project, woodturning

The Mallet of many mistakes

In last months woodturning magazine there was a project-in-a-day feature for making a mallet. I caught my eye because the head of the mallet was made from lignum vitae, a very dense hard wood which is normally found in the balls used for lawn bowls. As it happens I was recently given a couple of these by my Grandfather for the specific purpose of using the wood in a turning project.The handle in the project was made from ash, and I had a similar dimensioned block of sycamore which I figured would do just as well. And so it seemed destined to be my next project.

And here is the finished piece

Finished mallet
Finished mallet

The eagle eyed woodturner might now be saying..."that doesn't look like sycamore". They would be right, and this is because it is in fact applewood. The reason why lies amongst the many things that went wrong trying to do this project.

So I had the materials I needed, and I had step by step instructions in the magazine. So what could possibly go wrong?

The first job was to drill through the centre of the lignum ball with a forstner bit. See the magazine image here

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Easy right, just use a clamp to hold the thing still, and away you go.

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Not so much. I probably could have spent much more time making a proper base to sit the sphere in which would have kept it stable. But I was trying to follow the magazine, and wanting to make progress. So I got the smallest clamp that I had, that would clamp around the size of the sphere. This is not a small clamp. It was rather difficult to hold it in place, much of the weight of the clamp is not over the drill press, and so I needed to hold it as best I could in place to try and get a good line through the centre of the sphere. Within moments of starting to drill another thing became clear. Removing dense wood with a 35mm forstner bit creates a lot of sawdust. Which makes things difficult to see,k and also jams up the drilling process unless you can remove it. So Wheeled across my dust extractor. But I currently have no way to mount it for the drill press, so I had to try and hold it nearby. This means I am now holding a clamp and a extractor hose, and trying to operate the drill press. Not easy, but not impossible. Then I hit a point that should have been apparent from the outset. My forstner bit is not long enough to go through the whole ball. The chuck of the drill is wider that the bit, so I could drill a little over half way and that was it.

Hmm, the article did not mention this challenge. 'Obviously' all I needed to do was turn the ball up the other way, and drill in from the other side. So now I'm trying to hold a vice and a extractor hose, whilst working the drill press, AND I need to be accurate enough to get the lines to meet perfectly.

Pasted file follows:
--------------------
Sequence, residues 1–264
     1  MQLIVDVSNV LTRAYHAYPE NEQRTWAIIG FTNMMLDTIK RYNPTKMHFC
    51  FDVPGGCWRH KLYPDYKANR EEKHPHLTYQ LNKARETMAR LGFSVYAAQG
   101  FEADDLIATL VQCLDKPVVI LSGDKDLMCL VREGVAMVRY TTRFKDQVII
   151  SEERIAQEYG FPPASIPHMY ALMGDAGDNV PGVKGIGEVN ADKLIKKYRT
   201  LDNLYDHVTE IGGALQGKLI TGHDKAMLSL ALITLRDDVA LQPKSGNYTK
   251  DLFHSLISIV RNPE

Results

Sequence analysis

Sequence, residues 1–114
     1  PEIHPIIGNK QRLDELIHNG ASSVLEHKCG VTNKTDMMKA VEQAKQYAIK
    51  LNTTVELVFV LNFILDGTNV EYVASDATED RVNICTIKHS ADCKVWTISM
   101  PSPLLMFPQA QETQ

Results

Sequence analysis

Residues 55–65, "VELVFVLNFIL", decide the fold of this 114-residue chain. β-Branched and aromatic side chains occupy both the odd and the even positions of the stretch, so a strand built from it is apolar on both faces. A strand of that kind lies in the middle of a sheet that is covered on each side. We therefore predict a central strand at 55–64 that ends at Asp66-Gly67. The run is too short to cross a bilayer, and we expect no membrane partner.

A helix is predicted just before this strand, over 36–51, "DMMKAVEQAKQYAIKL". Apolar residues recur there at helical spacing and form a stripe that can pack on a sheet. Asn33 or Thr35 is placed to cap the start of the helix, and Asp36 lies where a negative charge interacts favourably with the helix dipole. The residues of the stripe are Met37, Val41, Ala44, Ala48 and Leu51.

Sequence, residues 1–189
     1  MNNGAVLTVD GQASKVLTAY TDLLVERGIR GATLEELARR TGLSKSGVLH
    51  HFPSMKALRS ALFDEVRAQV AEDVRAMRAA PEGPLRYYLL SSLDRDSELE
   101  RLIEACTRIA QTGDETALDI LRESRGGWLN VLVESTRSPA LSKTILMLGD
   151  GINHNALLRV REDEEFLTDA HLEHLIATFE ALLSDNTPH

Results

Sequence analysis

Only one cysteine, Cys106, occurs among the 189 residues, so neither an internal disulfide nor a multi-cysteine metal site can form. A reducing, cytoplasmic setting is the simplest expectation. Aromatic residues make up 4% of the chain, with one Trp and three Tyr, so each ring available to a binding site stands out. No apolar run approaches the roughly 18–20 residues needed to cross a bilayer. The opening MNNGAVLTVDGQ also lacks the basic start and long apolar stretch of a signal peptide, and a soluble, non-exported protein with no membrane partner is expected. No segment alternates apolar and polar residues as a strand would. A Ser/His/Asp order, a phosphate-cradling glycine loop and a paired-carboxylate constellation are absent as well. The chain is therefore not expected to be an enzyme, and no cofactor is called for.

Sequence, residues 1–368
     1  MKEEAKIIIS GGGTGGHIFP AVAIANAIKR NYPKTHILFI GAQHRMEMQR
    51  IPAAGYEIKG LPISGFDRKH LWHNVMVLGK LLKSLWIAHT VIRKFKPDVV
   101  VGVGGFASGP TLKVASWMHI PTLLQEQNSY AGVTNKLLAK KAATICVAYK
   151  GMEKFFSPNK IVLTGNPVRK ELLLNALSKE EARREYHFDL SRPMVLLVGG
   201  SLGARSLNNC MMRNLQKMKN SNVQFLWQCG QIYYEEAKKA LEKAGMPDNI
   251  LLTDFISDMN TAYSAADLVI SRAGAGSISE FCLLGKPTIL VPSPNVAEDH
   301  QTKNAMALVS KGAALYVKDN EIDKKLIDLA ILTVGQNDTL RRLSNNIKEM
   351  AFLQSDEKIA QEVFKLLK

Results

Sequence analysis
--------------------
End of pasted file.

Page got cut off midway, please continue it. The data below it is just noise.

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What actually happened was that I made it connect almost perfectly, but not quite. I wasn't sure how much of a problem the slight misalignment would cause me. I used a few tools to try and minimise the step between the two drill shafts. At this point I figured it was as good as it was going to get. So it would have to do.

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Ok, then onto the handle. The steps said to turn between centres, shape the handle, and the tenon.

And so that is what I did, carefully setting the tenon the correct diameter for the hole I had drilled. I decided not to go too crazy with the finishing at this stage, so I sanded it down but didn't apply any finish. The next step was to take the handle off the lath, and use a bandsaw to cut a cross down the tenon. This is so that it fits easier through the hole in the mallet head. Then at the end you insert wedges to hold everything in place and make for a nice feature at the head end.

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Keen eyed observes will not there are no wedges in the end of my mallet.

Having cut the cross through the tenon section it did indeed fit through the hole of the head section. And then I just needed to remount between centres. The magazine said that the prongs of the drive centre would fit into the cuts from the bandsaw.

Something I should have noticed is that they talked about a four prong drive centre. I only have a 2 prong drive centre. Though I suspect I would have had similar issues even with the 4 prong, I found it was basically impossible to get the thing remounted centrally. The handle was now turning a little off it's previous axis.